Read through Gov. Napolitano’s State of the State address given today and you’ll see that science is central to much of what she proposes.
Her themes are Education, Foundation, and Innovation - Education with a focus on expanding math and science in K-12; Foundation means infrastructure and includes ensuring we have the water resources to support our growing population; and “Innovation Arizona will create an environment that attracts high-wage businesses, allows thinkers and entrepreneurs to flourish, and cultivates success. [It] is going to continue to build on the work we’ve begun to transform Arizona into a center of research by continuing the necessary funding to foster Science Foundation AZ to success.”
Arizona’s earth scientists have an important role in dealing with the consequences of growth – demand for water and minerals, creation of risks associated with natural hazards, and environmental impacts. The Governor’s Global Climate Change initiative also needs earth science input for monitoring and analysis but also for finding locations for possible geological sequestration (i.e., permanent burial) of carbon dioxide.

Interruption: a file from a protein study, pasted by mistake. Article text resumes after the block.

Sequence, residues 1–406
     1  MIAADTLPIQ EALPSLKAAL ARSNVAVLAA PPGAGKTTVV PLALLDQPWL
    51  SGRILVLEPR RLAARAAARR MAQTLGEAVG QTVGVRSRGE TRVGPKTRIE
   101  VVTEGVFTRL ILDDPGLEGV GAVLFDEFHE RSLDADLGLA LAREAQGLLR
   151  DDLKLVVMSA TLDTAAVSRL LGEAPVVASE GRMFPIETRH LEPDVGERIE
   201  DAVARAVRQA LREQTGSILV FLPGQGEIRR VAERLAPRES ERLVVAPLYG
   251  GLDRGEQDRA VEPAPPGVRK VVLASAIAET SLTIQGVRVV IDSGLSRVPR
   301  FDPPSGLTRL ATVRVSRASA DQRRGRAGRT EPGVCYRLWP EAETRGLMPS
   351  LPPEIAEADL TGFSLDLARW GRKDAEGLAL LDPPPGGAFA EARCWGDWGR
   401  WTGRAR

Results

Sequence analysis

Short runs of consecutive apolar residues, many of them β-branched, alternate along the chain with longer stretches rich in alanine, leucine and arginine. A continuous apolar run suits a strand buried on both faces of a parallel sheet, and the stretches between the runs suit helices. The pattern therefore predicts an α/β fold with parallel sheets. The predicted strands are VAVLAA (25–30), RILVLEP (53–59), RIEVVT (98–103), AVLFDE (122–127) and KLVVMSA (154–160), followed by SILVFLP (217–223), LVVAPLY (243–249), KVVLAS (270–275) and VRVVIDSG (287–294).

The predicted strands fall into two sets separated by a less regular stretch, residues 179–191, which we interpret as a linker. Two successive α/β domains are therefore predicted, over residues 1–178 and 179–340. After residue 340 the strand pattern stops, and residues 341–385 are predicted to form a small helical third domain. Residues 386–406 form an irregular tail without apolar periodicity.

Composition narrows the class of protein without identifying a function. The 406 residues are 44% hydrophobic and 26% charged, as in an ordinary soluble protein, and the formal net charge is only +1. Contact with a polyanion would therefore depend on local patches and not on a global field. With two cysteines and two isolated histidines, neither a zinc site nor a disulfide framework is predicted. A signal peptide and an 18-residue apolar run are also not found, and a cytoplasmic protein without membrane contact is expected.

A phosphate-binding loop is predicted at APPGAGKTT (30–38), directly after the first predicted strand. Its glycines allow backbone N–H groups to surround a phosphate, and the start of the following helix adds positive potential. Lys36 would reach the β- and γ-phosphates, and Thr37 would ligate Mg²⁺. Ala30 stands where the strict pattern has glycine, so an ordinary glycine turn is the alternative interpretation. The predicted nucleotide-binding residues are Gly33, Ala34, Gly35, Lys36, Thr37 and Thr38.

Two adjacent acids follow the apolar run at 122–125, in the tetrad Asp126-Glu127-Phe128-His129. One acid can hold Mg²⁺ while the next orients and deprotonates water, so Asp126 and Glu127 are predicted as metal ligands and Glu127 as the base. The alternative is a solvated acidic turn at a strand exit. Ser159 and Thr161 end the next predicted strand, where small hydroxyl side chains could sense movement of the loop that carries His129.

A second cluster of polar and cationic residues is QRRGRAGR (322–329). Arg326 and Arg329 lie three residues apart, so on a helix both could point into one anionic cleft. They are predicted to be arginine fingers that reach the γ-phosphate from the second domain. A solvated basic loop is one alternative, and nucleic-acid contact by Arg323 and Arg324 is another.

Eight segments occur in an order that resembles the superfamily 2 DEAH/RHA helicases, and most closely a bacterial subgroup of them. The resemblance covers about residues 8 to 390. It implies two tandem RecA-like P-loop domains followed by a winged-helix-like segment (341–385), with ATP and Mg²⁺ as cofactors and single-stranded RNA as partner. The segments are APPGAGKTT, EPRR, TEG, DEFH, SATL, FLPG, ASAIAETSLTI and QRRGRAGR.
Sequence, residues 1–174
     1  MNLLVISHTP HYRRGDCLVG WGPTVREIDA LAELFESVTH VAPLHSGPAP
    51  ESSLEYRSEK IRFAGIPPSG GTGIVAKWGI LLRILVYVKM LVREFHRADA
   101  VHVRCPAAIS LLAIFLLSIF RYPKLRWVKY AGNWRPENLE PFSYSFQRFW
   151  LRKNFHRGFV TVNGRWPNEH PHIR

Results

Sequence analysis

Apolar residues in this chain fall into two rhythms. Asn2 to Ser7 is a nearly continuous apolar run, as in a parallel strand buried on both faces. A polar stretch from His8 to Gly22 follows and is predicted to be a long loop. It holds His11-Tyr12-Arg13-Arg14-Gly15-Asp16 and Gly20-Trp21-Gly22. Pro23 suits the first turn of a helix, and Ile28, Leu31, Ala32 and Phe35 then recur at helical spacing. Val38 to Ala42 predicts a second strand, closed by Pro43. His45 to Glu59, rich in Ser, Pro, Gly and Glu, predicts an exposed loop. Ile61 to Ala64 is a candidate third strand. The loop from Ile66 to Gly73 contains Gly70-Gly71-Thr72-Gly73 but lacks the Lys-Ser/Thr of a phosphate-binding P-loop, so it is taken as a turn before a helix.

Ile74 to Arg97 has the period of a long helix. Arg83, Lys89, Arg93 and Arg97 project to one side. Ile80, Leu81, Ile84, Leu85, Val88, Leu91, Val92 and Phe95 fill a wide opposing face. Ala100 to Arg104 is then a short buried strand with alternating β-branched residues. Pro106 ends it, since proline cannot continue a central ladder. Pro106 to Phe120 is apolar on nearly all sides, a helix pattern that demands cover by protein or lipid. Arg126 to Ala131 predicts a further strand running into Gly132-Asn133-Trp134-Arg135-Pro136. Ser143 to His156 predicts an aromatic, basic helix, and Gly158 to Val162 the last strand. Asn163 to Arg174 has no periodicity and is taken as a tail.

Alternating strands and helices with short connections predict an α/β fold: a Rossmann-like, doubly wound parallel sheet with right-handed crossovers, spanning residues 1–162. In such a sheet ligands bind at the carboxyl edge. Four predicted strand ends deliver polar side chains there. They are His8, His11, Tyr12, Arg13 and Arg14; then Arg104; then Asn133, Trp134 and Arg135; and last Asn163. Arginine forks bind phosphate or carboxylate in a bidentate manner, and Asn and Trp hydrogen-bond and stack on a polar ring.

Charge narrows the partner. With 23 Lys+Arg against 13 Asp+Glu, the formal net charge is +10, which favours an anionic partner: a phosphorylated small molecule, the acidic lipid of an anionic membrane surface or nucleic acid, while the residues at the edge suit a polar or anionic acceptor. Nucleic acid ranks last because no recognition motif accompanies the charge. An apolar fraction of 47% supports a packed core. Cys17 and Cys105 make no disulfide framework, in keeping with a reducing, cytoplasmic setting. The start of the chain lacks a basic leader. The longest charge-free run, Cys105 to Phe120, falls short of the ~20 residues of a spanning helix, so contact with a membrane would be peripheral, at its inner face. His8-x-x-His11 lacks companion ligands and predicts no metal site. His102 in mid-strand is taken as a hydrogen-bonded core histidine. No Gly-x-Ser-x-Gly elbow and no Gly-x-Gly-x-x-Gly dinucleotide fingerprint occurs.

And while many think primarily of biosciences when we talk about attracting new high-tech industry or incubating the next success story here, we should be looking at one of Arizona’s existing scientific strengths – the earth sciences.
Gov. Napolitano singled out the Arizona Water Institute as an R&D center that will continue to get state attention. AWI co-housed with SAHRA (Sustainability of semi-Arid Hydrology and Riparian Areas) at the UofA. [My colleagues at NSF tell me SAHRA is one of the most highly regarded Science and Technology Centers the organization funds]. The AWI operational model is in my view amazingly robust and innovative. AWI has principals on each of the three state universities. Plus, they are embedding strong personnel in each of the major state agencies.
The SAHRA-AWI combo is emerging as a global leader in innovative approaches to water resources. It could be the poster child of scientific (and organizational) innovation in Arizona.